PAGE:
I am an assistant professor of linguistics at Cornell University. I am very interested in the incremental representations that humans use to process language, and in differences between how language is used and how it is processed. To explore these topics, I study the relationships between computational language models and psycholinguistic data (e.g., reading times) and I study neural network representations of language to understand what aspects of language can be learned from language statistics directly without having experiences in the real world (i.e. through ungrounded learning).
If you’re interested in incremental processing models, you may find these helpful:
- LSTM toolkit that can estimate incremental processing difficulty
- 125 pre-trained English LSTMs
- Left-corner parsing toolkit that can estimate incremental processing difficulty
I manage the Computational Psycholinguistics Discussions research group (C.Psyd) and am part of the Cornell Computational Linguistics Lab (CLab) and the Cornell Natural Language Processing Group (Cornell NLP).
My surname is easy to pronounce (in words, not IPA): /van ‘shine-dull/
Feb 1: Gave an invited talk at UC Irvine: Neural Language Priming
Jan 25: Gave an invited talk at Dongguk University: NLP: Neural Language Priming
Dec 3: Gave an invited talk at University of Chicago: Language Statistics Won’t Solve Language Processing
Oct 15: Gave an invited talk at Georgia Tech NLP Seminar: Language Statistics Won’t Solve Language Processing
Aug 26: Timkey and van Schijndel (2021) accepted at EMNLP 2021: We show that Transformer models consistently develop rogue dimensions that operate at bizarrely inflated scales and track relatively uninteresting phenomena (e.g., time since last punctuation mark). The inflated scale distorts similarity estimates and makes cosine a poor measure of similarity. We introduce a very simple method to correct for the issue that retains all information in the model and requires no retraining.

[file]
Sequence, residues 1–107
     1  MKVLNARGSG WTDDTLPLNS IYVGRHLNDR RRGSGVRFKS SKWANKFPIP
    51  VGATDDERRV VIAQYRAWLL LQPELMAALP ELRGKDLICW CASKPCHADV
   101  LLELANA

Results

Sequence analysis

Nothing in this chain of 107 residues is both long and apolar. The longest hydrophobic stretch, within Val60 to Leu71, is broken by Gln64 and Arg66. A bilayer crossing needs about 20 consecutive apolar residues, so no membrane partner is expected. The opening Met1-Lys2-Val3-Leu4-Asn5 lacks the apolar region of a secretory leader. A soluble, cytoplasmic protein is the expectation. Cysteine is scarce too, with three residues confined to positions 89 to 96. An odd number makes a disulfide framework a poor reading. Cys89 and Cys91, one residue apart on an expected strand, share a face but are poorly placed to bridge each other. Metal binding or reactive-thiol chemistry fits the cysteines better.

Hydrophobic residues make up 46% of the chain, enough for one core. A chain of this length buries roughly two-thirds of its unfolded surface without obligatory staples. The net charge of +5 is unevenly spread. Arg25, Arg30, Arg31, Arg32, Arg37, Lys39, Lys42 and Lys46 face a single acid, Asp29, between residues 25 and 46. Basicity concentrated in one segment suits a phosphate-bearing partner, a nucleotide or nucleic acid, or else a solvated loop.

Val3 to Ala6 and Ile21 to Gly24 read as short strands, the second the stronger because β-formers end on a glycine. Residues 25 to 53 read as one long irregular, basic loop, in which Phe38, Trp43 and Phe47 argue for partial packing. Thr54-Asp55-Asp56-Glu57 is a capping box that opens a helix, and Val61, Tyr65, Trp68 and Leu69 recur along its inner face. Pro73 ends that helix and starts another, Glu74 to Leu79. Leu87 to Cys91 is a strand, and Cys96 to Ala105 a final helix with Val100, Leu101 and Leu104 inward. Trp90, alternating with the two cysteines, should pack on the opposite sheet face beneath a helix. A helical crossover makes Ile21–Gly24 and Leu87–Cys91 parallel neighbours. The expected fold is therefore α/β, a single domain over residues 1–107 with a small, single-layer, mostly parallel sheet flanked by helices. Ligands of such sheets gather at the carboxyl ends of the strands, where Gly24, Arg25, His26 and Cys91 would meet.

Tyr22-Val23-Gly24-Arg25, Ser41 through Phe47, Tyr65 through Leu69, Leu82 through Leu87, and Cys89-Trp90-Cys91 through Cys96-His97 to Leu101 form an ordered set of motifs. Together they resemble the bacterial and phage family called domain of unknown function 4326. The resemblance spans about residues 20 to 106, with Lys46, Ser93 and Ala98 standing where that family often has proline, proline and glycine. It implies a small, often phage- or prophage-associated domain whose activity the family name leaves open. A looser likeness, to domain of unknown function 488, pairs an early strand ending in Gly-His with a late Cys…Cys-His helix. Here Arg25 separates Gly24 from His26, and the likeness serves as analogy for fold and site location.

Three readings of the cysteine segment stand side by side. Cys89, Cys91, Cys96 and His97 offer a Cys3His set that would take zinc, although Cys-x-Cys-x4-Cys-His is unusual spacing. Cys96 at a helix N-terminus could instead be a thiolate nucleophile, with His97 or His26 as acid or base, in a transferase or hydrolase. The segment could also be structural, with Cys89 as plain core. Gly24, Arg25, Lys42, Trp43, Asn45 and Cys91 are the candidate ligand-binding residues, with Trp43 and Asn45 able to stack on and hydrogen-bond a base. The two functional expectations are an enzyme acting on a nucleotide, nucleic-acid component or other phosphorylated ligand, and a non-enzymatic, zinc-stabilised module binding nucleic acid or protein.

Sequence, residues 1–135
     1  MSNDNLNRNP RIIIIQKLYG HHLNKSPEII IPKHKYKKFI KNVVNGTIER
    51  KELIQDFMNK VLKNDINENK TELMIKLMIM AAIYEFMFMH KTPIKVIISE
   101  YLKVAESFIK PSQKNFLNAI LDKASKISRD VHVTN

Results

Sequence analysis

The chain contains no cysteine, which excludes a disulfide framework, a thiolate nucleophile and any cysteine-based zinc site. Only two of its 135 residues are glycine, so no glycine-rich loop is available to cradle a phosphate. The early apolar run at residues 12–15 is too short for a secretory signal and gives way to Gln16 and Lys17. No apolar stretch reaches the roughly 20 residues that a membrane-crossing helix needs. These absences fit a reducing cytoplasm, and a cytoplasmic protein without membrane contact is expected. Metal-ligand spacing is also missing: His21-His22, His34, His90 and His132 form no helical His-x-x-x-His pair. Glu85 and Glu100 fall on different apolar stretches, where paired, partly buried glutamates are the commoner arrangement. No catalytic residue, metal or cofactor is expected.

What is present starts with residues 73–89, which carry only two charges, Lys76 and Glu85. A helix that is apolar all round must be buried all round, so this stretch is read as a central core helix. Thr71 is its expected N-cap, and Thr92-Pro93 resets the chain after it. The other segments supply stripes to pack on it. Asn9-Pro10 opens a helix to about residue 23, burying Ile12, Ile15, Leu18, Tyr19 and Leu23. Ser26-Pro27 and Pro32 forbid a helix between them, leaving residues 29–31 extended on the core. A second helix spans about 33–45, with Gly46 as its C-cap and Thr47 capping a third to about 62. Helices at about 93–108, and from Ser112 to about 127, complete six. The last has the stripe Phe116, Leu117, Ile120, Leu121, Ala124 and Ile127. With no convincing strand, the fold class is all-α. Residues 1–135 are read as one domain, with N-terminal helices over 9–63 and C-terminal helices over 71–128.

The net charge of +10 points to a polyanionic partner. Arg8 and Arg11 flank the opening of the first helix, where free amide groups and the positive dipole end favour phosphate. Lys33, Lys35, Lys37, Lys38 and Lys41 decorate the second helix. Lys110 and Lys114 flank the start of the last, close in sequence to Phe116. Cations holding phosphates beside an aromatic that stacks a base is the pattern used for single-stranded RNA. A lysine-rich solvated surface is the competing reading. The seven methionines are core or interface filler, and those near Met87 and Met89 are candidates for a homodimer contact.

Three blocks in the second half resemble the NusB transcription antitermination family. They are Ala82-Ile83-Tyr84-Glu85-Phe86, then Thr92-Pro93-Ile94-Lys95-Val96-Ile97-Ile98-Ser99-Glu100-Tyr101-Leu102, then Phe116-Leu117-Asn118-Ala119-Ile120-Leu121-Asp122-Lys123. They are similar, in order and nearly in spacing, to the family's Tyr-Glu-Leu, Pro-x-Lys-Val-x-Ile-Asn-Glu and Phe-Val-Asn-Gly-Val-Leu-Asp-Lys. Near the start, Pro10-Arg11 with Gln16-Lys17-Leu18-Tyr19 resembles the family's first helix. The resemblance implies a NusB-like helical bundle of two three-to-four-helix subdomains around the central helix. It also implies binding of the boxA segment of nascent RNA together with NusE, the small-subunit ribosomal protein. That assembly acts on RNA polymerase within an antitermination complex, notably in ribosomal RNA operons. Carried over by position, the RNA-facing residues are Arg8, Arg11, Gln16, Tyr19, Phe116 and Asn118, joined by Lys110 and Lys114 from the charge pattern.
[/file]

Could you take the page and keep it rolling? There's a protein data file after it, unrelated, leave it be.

July 26: Ryb and van Schijndel (2021): Shows that, although shallow heuristics are used extensively by BERT during NLI, certain kinds of symbolic reasoning also arise in BERT. Some types of reasoning, such as spatial reasoning remain beyond it.
June 25: Cognitive Science paper finally published!
We show that surprisal (or more generally, single-stage prediction models) can only explain the existence of garden path effects in reading times, not the magnitude of the effects themselves. Suggests the existence of explicit repair mechanisms are involved during garden path processing.
May 10: 2 papers accepted at ACL and ACL Findings.
1) Davis and van Schijndel (2021): We show that linguistic knowledge in language models can be modeled as constraints. Thus, some linguistic representations can prevent other learned linguistic knowledge from surfacing. We show how to fix this, but more generally we outline a framework for thinking about language representations in neural networks.
2) Wilber et al. (2021): We explore the abstractive capabilities of automatic summarization models. We show that abstractive summarization is extremely shallow at present, often simply emulating extractive summarization.
Sept 18: 2 papers accepted at CoNLL.
1) Bhattacharya and van Schijndel (2020): Neural networks encode abstract filler-gap existence but do not learn more abstract clusterings over kinds of filler-gaps. Raises questions about the depth of abstraction needed to process text sequences.
2) Davis and van Schijndel (2020): Transformers encode implicit causality verb biases but fail to use that knowledge to make correct predictions. Validates Hartshorne’s theory that IC is learnable from language sequences, but suggests that the language modeling objective prevents models from using this knowledge.